Distinctly different sounds are made to announce the arrival of necessities. It is trivial to note the importance of drinking water. Water trucks loaded with 19 liter blue plastic or clear glass bottles patrol every street in every colony several times a day, although sometimes economics may dictate the use of a large tricycle instead of a motor vehicle. The sound one hears is always the same and unmistakable…agua (¡aah-gwaaah!). Almost as often, one can’t help but notice trucks selling propane by the tank, usually in your choice of three sizes…swap empty for full. No human voice is used here, but rather one or more of three familiar signals… the sound of a deep fog horn, the rattle of a chain being dragged down the street, and/or the recorded sound of a cow mooing followed by a tinkling sound. Propane is mainly used in homes for stoves and hot water tanks…no underground oil or natural gas lines…here in Oaxaca we have enough trouble getting the government to just fix the streets and sidewalks and make the tap water a little safer, which we receive. from a broken, antiquated, and inefficient groundwater delivery system—let alone embark on changing the entire fuel delivery system to a subsurface one (although recently downtown sidewalks and streets have been dug up to bury utilities).
Much more often than in the past, residents are choosing to use larger stationary propane tanks that are filled according to a delivery schedule so that these larger single tank propane trucks don’t announce to households that they are on the street. Similarly, the large water carts—which fill cisterns and tinacos for domestic use in addition to drinking—need not signal their presence because they only come to order. But if you’re down when the cow bell signals the garbage truck’s arrival, you’ve missed another week unless you track down the weekly garbage truck for pickup, either that day or another if you know the closest dates and routes.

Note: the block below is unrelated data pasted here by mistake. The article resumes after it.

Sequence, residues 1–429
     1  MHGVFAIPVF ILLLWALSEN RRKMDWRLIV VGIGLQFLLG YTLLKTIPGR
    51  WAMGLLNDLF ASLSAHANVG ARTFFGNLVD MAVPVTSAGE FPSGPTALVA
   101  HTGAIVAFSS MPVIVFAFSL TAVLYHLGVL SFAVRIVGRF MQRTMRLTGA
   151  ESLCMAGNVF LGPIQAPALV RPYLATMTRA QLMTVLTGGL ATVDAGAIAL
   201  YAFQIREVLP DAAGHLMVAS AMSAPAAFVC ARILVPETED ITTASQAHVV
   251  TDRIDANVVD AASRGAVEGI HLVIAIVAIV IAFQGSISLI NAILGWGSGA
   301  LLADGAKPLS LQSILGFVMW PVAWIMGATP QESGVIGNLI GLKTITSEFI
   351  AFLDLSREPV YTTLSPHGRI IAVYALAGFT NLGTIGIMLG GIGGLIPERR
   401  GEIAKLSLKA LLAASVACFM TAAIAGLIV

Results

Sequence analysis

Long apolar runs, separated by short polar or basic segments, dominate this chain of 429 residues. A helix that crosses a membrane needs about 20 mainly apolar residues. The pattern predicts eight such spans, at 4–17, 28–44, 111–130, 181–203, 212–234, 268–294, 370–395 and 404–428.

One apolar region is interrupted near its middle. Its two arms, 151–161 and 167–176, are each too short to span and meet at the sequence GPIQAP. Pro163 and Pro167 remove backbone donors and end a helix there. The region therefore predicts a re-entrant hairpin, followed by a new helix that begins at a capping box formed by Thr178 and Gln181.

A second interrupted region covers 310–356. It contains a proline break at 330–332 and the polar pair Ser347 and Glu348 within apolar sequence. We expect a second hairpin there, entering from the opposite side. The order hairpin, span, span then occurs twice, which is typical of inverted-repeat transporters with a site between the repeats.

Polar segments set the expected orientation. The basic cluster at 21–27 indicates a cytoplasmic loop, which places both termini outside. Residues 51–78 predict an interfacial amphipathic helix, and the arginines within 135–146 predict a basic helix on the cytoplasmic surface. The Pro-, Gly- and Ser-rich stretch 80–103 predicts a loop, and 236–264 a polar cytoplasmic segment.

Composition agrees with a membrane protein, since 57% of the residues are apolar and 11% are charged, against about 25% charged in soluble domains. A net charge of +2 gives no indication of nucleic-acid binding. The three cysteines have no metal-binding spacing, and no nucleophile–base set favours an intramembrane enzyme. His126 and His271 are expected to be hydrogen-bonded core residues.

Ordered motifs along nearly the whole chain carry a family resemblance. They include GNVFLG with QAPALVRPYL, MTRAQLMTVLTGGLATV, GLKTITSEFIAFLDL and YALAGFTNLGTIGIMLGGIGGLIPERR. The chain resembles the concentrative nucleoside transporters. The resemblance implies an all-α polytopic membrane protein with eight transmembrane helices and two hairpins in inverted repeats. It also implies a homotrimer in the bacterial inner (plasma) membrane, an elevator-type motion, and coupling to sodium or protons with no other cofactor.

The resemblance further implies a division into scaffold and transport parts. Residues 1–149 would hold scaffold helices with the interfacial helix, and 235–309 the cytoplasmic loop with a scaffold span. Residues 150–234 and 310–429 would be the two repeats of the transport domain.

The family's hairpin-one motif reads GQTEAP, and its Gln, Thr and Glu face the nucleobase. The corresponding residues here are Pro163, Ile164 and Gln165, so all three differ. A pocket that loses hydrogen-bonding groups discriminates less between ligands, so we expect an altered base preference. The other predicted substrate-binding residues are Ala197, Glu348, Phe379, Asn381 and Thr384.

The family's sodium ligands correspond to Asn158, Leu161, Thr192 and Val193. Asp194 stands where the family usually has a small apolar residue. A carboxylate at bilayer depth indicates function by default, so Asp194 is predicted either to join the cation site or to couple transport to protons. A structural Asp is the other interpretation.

There are also three types of informational announcements that you may hear on a regular basis. Again, there are merchants who do not sell their wares on the street, but rather inform Oaxacans of bargains or sales through car speakers, such as a supermarket chain promoting products or a pizza franchise that sells a large with two choices, plus two liters of soda for just 100 pesos. The second and perhaps more important type of information residents receive is public service, which consists of local news. Often, when someone dies in the colony, a truck winds through the streets of the neighborhood, advising not only of the passage, but also of the relevant details of mass, burial, and so on.
When there are public works to be completed that the municipal authority does not consider a timely solution within its mandate, the president of the colony can arrange for the work to be done by residents, such as brush clearing. The notice traditionally includes where and when the project will begin, with a request that you arrive ready to work and bring as many picks, shovels, rakes, and wheelbarrows as you have available. When you hear this type of exhortation, you know there is a neighborhood organization that sees part of its duty to pick up where “higher” levels of government left off, or is not prepared to wait for government to get around to setting priorities. residents consider important.